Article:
|Planning for snow removal is part of|
planning for a New England garden
We are at the end of a cul-de-sac with a broad turning circle as part of our streetscape. The upside is that this gives us a very dramatic arc around which to design a garden. The downside is that the town plows have to put the snow from the other end of the street somewhere, and that ‘somewhere’ includes the buffer zone between our sidewalk and the street. And, because the town lays down chemicals to keep the street passable prior to plowing, the snow that ends up on that buffer zone (variously called an ‘easement’ or a ‘hell strip’) is laden with salts that render the strip inhospitable to grass.
|This xeric bed - shown in its |
summer glory - was under
several feet of chemical-
laden snow today
The second issue is where we put the snow from our own driveway. We are set back 220 feet from the street on a meandering driveway and, at the head of the driveway, the asphalt widens out to 35 feet to feed a three-car garage, plus provide an additional backing-out area for cars. The home’s architect was apparently from some southern clime because the driveway dead-ends into the garage. As such, there is no ‘simple’ place to put snow. The problem grows geometrically with the depth of the snow and new snowfalls follow ones already on the ground. There is already a four-foot-high wall of snow on one wall of the backing-out area. After this storm, it may be double that height.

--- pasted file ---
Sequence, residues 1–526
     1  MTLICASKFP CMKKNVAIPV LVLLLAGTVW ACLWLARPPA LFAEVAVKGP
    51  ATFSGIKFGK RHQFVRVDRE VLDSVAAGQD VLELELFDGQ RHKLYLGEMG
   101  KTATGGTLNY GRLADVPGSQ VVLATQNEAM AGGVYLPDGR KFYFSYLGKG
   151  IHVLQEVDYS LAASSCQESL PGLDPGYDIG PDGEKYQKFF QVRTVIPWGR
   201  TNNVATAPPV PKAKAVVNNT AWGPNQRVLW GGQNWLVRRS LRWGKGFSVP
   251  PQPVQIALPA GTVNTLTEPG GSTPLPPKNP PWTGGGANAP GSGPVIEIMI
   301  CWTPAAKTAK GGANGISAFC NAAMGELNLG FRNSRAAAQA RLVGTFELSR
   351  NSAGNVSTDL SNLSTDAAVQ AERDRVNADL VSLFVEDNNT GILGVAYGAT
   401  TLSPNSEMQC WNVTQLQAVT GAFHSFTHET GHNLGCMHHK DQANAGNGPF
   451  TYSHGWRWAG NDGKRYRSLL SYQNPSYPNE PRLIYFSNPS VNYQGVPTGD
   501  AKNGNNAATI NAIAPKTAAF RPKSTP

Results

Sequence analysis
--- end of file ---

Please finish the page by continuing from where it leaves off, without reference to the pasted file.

|Removing 18 inches of snow - carefully|
|This burlap skirt for |
Thuja occidentalis was
added in November
|The wisteria bed was planned to |
support heavy snow cover
The back of the turnaround area has long been planted with Kirengeshoma (Japanese wax bells) and Hakonechola macra ‘Aureola’ (Golden Japanese forest grass), with miscellaneous rhododendron behind them. These perennials die back to the ground in late September; the several feet of snow that cover the area all winter seems to make the plants thrive in the growing season.